With the assumption that you will likely be undertaking similar endeavors in the near future I think a different approach is required than what has been proposed in previous answers. I would like to suggest that you outline and establish a strategy for "securing" future applications/systems. By using a strategy you can ensure consistency, delegate responsibility and improve your practice over time.
I believe that securing a server shouldn't be done in an ad-hoc type fashion, but rather methodologically and consistently. It should be a repeatable process with as little room for mistakes as possible. Us humans are notoriously bad at remembering details, often blending bits of information into something entirely different.
In the scenario you describe above using a perspective of Availability seem to be mostly relevant and useful. Begin by describing establishing system dependencies. What other systems are required to be accessible in order for the application to function? Do you depend on an external user directory? Dependencies are important because they help to better understand potential "avenues", or vectors, of attack.
Next flesh out details of exactly who should have access to the system and the primary access "terminal" (remote desktop, workstation, laptop, mobile phone etc). By doing this you'll have begun to establish your frame of reference, or system boundary if you like.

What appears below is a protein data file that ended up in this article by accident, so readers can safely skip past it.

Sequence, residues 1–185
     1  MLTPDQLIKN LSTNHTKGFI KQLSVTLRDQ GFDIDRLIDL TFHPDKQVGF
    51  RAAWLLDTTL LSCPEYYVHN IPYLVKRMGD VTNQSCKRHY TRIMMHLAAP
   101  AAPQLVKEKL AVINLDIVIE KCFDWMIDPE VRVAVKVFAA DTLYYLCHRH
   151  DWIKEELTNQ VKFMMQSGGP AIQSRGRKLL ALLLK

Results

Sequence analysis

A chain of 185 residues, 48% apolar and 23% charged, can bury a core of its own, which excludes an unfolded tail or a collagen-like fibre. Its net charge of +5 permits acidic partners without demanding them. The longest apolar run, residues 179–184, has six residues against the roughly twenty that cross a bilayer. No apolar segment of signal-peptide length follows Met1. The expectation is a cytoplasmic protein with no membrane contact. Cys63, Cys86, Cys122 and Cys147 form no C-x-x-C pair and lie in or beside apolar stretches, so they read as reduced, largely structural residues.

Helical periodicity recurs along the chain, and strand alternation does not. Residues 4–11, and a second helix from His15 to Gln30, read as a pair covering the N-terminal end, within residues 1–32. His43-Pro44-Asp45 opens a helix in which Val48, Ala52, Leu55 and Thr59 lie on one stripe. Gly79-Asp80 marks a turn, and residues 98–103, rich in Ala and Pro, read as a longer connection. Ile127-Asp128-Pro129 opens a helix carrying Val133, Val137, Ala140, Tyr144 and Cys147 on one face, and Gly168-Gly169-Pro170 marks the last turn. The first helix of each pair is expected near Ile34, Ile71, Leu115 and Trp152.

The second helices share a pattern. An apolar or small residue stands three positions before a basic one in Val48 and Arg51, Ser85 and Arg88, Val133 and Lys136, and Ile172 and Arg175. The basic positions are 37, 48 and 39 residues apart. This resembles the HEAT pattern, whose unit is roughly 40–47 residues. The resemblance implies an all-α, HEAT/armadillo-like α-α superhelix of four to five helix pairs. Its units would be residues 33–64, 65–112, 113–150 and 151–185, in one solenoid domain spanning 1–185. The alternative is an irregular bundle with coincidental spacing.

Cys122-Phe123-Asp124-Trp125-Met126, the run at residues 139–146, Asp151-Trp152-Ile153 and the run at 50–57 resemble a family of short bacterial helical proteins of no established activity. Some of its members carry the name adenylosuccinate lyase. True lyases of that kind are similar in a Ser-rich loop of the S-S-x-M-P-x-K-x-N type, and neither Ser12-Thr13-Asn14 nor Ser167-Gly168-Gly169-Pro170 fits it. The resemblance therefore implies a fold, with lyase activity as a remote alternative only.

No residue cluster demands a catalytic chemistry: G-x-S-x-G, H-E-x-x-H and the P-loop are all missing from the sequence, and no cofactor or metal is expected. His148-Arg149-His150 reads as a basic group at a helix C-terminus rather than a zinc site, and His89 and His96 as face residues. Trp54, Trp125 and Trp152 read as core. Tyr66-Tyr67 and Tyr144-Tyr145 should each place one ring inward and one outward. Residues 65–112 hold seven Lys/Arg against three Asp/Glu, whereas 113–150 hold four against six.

It's very likely that there are organizational limitations that you simply need to obey. These might include company mandated authentication methods, encryption algorithms and such, describe and document these limitations. You might also have to consider legal requirements, and now might be a good time to find out.
Once you've established the more "fundamental" building blocks of your system, it's time for some creative brainstorming. Try and describe all potential avenues through which you (or an attacker) could access the system using the above system description as a sort of limitation.
What you'll have to do next is determine what security controls would assure the most appropriate protection. Yes, I know, this is where things get complicated because it's a somewhat subjective process but regardless necessary. Every countermeasure you determine is necessary will be associated with a certain cost (time to install, configure, maintain and eventually retire).
You'll also want to try and describe with some sort of quantitative measure how "well" a collection of countermeasures mitigate a particular risk, or "limit" an avenue of attack. I believe this to be important especially for "upper management", speak a numbers language. For example, a "good" implementation of salted passwords will entirely eliminate the threat of precomputed hashtables and could hence be described as a "high assurance" countermeasure.
- Determine primary security goal/target (confidentiality, integrity and availability)
- Establish system dependencies
- Who, how and when?
- Detail organizational and/or legal requirements/limitations/constraints
- Brainstorm attack vectors (guess you could call this a lightweight threat analysis)
- Choose countermeasures appropriate to the system in question
- Make rainbows, colorful charts and unicorns.